January 2011 Archives

January 4, 2011

The Governator Becomes The Commutator

As Arnold Schwartzenegger's term as California governor drew to a close in 2011, he commuted Esteban Lopez's prison term from 16 to 7 years. Schwarzenegger's decision was controversial, as many last-minute executive favors of this sort tend to be. 

In this case, Esteban Nunez was the son of Schwarzenegger's political crony, formerr CA Speaker Fabian Nunez.  Estaban had pleaded guilty in 2007 to voluntary manslaughter.after he was part of a group of inebriated idiots who took out their anger at being refused admission to a San Diego fraternity party by attacking and stabbing some party-goers, killing student Luis Dos Santos.

Predictably, Esteban's lawyer praised the justness of Schwarzenegger's decision, claiming that his client's 16 year sentence was overly harsh, a result of the judge trying to avoid any question of favoritism.  But for many San Diego community leaders, Santos' family and Esteban's prosecutors, Schwartzenegger's decision was unfair payback to a good buddy.

In a criminal justice system devoted to fair and open procedures, the executive power of pardon and clemency seems anachronistic.  Why should state governors and the US President be able to override a judicial system that already provides for multiple ways to redress possible unfairness?  But the power extends back to ancient Babylonian and Hebrew law, and it seems that no system of government can live without it.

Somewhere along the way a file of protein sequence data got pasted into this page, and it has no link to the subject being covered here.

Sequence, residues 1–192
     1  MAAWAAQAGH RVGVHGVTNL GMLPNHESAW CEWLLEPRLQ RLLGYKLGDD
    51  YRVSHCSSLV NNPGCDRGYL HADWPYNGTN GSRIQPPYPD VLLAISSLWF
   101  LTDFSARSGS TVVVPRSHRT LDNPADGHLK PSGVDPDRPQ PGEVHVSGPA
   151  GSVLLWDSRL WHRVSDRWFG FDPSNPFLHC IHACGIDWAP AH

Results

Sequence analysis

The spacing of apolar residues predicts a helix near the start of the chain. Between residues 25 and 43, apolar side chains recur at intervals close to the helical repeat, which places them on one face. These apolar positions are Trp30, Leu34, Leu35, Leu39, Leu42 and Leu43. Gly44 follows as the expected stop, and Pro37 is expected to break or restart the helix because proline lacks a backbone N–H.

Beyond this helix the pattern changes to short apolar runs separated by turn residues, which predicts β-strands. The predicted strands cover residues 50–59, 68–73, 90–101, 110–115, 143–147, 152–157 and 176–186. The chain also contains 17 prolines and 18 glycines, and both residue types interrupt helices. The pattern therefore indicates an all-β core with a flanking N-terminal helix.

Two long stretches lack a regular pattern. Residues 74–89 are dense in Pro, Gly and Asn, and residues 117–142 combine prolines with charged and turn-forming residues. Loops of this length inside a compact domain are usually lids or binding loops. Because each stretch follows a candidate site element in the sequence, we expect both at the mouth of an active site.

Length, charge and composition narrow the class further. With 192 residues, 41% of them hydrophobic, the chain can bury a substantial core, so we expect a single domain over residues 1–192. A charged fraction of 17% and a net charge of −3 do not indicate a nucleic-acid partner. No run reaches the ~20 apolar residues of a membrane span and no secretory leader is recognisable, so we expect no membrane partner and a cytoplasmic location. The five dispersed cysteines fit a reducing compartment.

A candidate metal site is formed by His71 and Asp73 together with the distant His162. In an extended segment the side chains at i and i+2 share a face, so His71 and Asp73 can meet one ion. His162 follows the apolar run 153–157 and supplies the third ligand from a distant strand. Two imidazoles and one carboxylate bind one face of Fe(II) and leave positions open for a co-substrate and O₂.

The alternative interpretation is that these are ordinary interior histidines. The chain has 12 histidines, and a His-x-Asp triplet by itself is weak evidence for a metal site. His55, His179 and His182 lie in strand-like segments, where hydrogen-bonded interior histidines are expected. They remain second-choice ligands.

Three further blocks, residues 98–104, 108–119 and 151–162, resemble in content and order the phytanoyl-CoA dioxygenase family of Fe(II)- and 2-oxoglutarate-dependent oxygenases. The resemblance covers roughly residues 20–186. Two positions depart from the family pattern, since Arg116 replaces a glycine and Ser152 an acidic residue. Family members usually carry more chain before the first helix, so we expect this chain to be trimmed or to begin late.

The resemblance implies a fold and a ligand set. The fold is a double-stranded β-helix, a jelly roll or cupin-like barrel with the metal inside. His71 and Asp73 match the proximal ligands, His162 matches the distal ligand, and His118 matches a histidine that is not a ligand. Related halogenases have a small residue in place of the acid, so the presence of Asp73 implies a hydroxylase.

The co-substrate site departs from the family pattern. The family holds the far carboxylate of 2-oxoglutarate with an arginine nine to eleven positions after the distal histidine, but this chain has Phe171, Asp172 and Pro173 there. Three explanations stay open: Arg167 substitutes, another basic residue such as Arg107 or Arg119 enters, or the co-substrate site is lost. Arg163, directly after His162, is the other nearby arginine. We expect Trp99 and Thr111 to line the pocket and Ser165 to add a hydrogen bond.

January 3, 2011

The Scott Sisters: My Kingdom for a Kidney

In December 2010, Mississippi Gov. Haley Barbour commuted the life sentences of sisters Jamie and Gladys Scott- so long as Gladys donates one of her kidneys to her ill sister within a year.

Gov. Barbour's decision is probably illegal as well as impractical. He is in essence charging Gladys the value of her kidney to secure parole. Yet parole is supposed to recognize inmates' rehabilitation, not their ability to pay for their releases. And what will the Governor do if it turns out that Gladys is not a suitable kidney donor-- throw her back in prison?   

Turns out that the sisters were serving a life sentence for a robbery that netted them a total of $11.  But if a life sentence constitutes cruel and unusual punishment for their crime, their release should have been based on that reason rather than Gladys' willingness to donate a kidney.

On the other hand, think of the possibilities if Gov. Barbour's decision starts a trend. States may set up parole conditions that resemble insurance policies that pay people amounts that differ according to the body part that an insured person loses. Donation of kidneys or liungs are biggies, worth a sentence reduction of at least 5-10 years.  Donation of a spleen?  Not so important, maybe advance a parole date by a few months. Donation of a brain to Gov. Barbour?  Priceless.